Research matters ... cutting down on peat use

Growers are being asked to reduce their peat usage as well as their use of growth retardants. In addition, in some areas, there is pressure also to reduce the amount of water used for irrigation.

All of these aspects were investigated in the experiments reported below.

The samples were planted in 14cm pots filled with either peat or coconut fibre and were grown in a greenhouse in Murcia, Spain, between May and mid July. One half of the plants growing in each substrate were sprayed once with paclobutrazol (CULTAR 25 per cent).

The pots were irrigated using drip irrigation and the leachate was monitored. Evapotranspiration was measured by weighing representative pots every hour. When plants were raised without being sprayed with paclobutrazol, the ones in coconut fibre were shorter than those in peat. When the growth retardant was applied, the plants were even shorter and there was less difference between them.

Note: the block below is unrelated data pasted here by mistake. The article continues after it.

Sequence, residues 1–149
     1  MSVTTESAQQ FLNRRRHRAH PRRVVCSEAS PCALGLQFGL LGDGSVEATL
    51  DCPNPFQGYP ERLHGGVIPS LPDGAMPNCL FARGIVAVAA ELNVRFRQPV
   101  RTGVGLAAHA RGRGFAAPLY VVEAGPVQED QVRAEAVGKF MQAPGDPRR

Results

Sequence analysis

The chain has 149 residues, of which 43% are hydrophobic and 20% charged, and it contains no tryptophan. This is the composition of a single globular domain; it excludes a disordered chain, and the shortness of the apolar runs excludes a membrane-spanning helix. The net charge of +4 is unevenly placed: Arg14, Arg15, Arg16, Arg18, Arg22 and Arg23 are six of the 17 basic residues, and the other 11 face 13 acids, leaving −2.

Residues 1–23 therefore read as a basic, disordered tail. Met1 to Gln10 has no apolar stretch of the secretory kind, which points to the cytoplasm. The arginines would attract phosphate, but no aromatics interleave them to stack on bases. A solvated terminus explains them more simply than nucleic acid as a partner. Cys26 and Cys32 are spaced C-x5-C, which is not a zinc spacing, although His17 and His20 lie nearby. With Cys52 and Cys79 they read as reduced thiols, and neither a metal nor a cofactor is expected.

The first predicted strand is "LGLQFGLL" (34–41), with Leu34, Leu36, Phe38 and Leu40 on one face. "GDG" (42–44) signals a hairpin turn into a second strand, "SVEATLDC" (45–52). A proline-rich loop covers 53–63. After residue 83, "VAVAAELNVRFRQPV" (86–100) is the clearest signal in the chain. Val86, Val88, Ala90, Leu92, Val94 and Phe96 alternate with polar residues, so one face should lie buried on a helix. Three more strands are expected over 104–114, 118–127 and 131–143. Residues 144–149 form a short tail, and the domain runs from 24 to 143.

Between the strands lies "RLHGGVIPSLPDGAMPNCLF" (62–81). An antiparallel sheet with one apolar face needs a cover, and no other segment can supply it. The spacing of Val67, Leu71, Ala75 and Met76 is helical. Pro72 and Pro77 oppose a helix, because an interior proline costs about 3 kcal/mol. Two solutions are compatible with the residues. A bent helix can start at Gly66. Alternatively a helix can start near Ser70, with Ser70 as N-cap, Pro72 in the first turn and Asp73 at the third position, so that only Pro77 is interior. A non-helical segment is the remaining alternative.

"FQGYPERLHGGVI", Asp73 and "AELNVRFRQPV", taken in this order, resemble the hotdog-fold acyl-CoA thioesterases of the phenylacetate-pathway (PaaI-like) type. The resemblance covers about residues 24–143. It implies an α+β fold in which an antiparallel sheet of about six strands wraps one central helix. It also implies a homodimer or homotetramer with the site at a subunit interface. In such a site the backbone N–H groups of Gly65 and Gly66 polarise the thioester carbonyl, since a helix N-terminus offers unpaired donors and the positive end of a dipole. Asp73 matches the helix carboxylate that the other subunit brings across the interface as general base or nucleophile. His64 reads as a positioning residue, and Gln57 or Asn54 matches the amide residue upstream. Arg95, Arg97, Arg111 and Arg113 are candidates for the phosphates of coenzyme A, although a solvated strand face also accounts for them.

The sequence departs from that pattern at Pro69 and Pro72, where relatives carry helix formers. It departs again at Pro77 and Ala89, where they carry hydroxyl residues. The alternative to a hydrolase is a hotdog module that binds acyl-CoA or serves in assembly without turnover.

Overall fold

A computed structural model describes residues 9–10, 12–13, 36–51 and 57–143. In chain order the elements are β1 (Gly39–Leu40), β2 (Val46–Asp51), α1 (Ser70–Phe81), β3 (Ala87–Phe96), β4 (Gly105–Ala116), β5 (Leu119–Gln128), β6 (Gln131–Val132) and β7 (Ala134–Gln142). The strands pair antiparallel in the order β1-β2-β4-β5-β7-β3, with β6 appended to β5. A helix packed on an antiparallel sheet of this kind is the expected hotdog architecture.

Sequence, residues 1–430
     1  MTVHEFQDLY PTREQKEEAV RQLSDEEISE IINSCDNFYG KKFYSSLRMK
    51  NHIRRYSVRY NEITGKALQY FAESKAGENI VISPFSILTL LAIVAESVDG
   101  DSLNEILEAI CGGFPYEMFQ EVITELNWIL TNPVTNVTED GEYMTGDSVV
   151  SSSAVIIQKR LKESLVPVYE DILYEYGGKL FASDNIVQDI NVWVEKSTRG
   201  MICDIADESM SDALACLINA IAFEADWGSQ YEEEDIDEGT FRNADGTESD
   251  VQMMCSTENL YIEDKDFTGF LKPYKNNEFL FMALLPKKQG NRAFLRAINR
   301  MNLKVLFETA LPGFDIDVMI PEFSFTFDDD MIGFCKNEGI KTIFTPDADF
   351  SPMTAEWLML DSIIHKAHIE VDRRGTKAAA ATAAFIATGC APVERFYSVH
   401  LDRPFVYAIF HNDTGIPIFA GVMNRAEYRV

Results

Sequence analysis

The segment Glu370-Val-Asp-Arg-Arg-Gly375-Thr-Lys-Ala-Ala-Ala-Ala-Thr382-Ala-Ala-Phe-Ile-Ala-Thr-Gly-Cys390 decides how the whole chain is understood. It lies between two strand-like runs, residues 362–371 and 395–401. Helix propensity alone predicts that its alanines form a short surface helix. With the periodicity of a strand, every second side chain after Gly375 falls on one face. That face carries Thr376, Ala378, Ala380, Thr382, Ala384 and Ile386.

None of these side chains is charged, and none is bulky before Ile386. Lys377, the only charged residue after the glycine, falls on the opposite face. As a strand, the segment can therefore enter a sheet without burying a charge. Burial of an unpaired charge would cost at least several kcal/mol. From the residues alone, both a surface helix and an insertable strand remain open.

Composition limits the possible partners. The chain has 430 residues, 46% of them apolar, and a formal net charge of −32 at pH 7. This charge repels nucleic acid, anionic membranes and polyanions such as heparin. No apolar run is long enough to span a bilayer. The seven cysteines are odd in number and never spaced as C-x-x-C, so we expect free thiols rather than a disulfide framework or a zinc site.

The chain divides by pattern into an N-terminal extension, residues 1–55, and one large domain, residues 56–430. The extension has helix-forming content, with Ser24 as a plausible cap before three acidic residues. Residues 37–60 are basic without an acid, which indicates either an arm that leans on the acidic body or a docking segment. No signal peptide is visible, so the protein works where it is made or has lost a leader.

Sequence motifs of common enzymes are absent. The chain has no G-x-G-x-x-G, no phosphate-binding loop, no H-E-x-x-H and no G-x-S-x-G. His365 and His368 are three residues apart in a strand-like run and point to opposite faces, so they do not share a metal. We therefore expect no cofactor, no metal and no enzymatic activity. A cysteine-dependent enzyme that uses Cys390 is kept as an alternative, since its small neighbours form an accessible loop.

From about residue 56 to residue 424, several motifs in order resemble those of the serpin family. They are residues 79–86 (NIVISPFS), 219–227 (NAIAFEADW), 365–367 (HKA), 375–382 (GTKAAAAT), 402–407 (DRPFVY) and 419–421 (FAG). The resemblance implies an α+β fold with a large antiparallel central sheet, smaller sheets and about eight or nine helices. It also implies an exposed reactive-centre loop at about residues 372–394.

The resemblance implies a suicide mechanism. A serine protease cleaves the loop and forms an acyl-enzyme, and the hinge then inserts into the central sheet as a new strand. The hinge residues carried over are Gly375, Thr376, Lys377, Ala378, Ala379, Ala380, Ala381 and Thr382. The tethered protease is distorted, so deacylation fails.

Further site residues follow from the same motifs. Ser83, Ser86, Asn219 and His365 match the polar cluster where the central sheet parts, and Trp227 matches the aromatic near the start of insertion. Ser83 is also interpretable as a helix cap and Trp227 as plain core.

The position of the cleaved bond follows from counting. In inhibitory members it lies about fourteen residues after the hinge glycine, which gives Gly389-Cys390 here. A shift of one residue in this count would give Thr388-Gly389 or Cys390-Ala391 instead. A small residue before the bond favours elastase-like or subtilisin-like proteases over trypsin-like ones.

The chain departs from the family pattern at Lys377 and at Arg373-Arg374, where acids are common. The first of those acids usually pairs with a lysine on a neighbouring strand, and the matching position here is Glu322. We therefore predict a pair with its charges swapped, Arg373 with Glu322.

The best plants were those grown in coconut fibre without any growth retardant while the poorest were those sprayed with paclobutrazol and grown in coconut fibre. The plants received similar amounts of water in both substrates but water consumption was less in the coconut fibre because more water leached from this substrate.

Influence of Paclobutrazol and Substrate on Daily Evapotranspiration of Potted Geranium by Banon, Miralles, Navarro and Sanchez-Blanco (2009). Scientia Horticulturae 122 (4): 572-578. The contents of issues of Scientia Horticulturae and abstracts of papers are provided at www.elsevier.com/locate/scihorti.

Dr Ken Cockshull is emeritus fellow at Warwick HRI


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